Minutes With Messiah banner

Fake News

by Tim O'Hearn

There are many accusations these days that something is “fake news.” Most recently it started with the 2018 U.S. presidential election, and specifically with a bogus news story about Hillary Clinton hiding hundreds of early-voting ballots in a warehouse. After the election it has become the mantra of the opposite political party to apply to any story, real or false, that the leader of the party disagrees with. He has even labeled as “fake news” actual videos of him saying something he would rather retract. The term “fake news,” though, is not new. It can be traced back to the 1890s. Prior to that time the word fake was not commonly used, so it was called “false news.” There are even “fake news” stories about the Bible.

God Is Dead

The idea that God is dead is most commonly attributed to the philosopher Friederich Nietzsche, but may have been originated by Georg Hegel. Essentially the idea is that the Age of Enlightenment had made rationalism and science to be the ultimate authorities, and so religion—specifically the Christian religion—no longerThe eternal existence of God is taken as a given. held preeminence in Europe. The idea prefigured the Communist attempts to remove religion from the culture of the Russian people. It was not that God himself had died, because rationalism would deny that He ever existed; rather it was that the belief in God was on its way out. The fear, according to Nietzsche, was that the extinction of Christianity in Europe would be accompanied by a rejection of morality. If European morality is based on centuries of Christian thought, then the death of Christianity should be accompanied by a death of Christian morality.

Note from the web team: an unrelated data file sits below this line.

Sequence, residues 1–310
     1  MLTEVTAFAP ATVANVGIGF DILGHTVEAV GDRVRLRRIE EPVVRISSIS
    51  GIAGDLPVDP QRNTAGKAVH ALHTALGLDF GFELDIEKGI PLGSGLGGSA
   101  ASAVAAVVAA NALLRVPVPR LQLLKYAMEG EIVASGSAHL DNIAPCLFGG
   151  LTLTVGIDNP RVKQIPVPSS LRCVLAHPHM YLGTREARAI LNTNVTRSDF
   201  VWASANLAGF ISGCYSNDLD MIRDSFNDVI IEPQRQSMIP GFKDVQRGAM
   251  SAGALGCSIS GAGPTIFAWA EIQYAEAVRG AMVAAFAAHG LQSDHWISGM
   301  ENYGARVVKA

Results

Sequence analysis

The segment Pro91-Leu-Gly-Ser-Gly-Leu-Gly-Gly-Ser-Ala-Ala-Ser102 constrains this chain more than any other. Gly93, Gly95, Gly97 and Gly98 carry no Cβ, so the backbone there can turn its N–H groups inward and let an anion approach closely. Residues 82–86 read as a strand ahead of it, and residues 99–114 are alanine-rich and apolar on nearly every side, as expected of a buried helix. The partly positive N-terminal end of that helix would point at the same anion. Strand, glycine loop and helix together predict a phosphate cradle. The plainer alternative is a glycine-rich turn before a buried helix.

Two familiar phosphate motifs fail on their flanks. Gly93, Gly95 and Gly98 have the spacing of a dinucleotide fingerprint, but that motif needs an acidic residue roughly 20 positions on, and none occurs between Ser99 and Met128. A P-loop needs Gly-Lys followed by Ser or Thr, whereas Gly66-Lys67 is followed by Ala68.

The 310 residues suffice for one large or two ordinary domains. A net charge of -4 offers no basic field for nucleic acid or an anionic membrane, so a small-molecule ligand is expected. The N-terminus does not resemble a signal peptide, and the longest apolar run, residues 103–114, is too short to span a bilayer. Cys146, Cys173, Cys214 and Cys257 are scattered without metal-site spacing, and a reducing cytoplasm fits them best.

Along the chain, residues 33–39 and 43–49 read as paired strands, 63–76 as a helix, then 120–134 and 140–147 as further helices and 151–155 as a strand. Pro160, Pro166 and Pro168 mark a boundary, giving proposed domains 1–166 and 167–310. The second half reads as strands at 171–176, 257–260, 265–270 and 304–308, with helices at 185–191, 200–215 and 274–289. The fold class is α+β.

Since Nietzsche’s formulation of the philosophy in print, others have taken a more literal view of the phrase. If God ever existed, which is questionable in their minds, then science has literally killed Him. This is, of course, a paradox of atheism because it denies the existence of God by accepting his existence. An earlier version of this was the Deism of many of America’s Founding Fathers. That philosophy did not go so far as to say that God was dead, but simply that He stopped caring about the world after he created it.

In either case this may be considered fake news. In the latter case, believers in God (Christian, Jewish, or otherwise) know by faith that God is eternal, although atheists might compare that statement to some of what is called fake news today. In the former case, it is clearly fake news.

Rationalism, humanism, and several other -isms have had a significant influence in the past two or three centuries. They have made inroads into the faith of many people. It may even appear that scientific atheism or scientific agnosticism predominate in Western thought today. Nevertheless, faith in God has not died out. After the attacks of 9/11 there was a rebirth of Christian belief in America, even if it was short-lived. The Communists tried to wipe out religion in the Soviet Union, with limited success. Many of the common people still continued to believe, and when their Orthodox church buildings were destroyed or turned into museums, they found other places to assemble. After the fall of Soviet Communism, many of the former republics have found a rebirth of Christianity. In Ukraine, for instance, the public schools are teaching Bible and administrators say that is because it is the only source for moral teaching. (In that they prove Nietzsche’s worst fears about the decline of Christian thought.)